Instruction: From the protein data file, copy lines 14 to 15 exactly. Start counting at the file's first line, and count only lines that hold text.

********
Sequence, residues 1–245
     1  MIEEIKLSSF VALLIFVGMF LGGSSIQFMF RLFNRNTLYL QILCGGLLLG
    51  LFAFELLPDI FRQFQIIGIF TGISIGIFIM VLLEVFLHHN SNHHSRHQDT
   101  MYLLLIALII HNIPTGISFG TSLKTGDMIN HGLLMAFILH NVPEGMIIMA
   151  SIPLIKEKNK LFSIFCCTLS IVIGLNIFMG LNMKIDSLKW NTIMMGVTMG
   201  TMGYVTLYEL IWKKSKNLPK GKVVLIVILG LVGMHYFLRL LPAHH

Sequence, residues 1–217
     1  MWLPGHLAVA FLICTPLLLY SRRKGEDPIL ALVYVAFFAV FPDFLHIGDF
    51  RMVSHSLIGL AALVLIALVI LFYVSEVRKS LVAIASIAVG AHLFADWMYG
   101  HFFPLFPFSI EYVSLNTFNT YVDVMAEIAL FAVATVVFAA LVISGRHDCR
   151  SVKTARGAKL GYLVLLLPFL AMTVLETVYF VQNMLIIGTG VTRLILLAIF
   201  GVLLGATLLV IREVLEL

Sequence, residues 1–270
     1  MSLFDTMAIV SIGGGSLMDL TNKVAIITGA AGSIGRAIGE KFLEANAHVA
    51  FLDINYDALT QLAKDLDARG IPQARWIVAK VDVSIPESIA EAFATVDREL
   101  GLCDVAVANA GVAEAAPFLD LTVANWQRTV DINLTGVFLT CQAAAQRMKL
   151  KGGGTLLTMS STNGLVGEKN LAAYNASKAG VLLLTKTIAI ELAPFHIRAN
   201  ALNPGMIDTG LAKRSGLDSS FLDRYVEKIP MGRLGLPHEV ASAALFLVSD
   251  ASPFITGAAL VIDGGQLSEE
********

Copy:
     1  MSLFDTMAIV SIGGGSLMDL TNKVAIITGA AGSIGRAIGE KFLEANAHVA
    51  FLDINYDALT QLAKDLDARG IPQARWIVAK VDVSIPESIA EAFATVDREL